Willimon on the Sabbath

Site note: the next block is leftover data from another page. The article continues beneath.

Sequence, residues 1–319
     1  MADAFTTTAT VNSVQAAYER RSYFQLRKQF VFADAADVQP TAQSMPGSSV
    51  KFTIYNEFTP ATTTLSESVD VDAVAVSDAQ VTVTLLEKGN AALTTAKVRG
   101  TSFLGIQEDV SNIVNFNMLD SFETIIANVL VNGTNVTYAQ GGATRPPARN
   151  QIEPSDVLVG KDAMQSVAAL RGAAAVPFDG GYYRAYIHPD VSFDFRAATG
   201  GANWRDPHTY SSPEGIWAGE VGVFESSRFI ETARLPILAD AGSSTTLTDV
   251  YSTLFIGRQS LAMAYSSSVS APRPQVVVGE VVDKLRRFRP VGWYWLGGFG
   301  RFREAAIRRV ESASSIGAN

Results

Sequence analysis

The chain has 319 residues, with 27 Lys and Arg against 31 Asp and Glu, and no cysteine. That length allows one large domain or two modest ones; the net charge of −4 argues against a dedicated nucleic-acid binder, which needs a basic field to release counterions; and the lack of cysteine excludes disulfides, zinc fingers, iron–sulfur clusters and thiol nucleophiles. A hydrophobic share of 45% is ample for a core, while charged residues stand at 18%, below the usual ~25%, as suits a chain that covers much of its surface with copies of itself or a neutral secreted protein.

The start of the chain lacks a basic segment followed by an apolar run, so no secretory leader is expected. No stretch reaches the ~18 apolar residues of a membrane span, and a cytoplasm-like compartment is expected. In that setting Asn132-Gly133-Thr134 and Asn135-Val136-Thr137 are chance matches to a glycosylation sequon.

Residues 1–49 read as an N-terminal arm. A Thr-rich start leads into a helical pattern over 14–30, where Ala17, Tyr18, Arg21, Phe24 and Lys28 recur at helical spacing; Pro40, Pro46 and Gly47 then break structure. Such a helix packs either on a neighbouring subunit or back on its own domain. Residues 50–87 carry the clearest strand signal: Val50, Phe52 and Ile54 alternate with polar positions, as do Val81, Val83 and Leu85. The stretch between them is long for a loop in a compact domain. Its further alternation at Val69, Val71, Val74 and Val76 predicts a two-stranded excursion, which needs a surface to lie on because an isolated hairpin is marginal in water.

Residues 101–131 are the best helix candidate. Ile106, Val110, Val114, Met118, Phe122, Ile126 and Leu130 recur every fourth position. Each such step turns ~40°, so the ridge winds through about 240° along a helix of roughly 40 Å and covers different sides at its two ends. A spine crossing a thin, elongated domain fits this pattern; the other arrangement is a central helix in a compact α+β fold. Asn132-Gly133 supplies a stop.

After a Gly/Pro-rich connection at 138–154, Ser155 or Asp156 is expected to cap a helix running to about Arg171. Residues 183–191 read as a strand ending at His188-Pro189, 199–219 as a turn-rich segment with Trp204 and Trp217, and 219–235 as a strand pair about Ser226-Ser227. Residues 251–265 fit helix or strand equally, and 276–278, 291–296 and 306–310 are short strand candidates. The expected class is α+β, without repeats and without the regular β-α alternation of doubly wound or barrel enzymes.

“In Sabbath, we are commanded to take the time that is required for the reflection, remembrance, and rest that is the prerequisite for faithful, responsive action in praise of God…In simply withdrawing from what the world considers its ‘important business,’ in taking time to do nothing but worship in a world at war, in celebrating an ‘order of worship’ in a world of chaos, Christians are making a very ‘political’ statement. It takes courage to take time to worship God in a world where we are constantly told that it is up to use to do right, or right won’t be done. Sunday is that holy time when Christians perform one of our most radical, countercultural, peculiarly defining acts – we simply refuse to show up for work. Sabbath is how we put the world in its place. This is how we take over the world’s time and help make it God’s time. We remind ourselves that we are created, not for ceaseless work, but for worship, rest in God. Rest is eschatological. Extricated from the daily, pressing, relentless cares and concerns of the parish, the pastor is given the opportunity for reflection and recollection, recalling why we are in ministry in the first place, to whom we are ultimately accountable, and where our ministry is meant to be heading. We serve God, but we are not gods…We have been created, not for ceaseless activity, but for rest, for confident Sabbath” (William Willimon, Pastor, 328-330).



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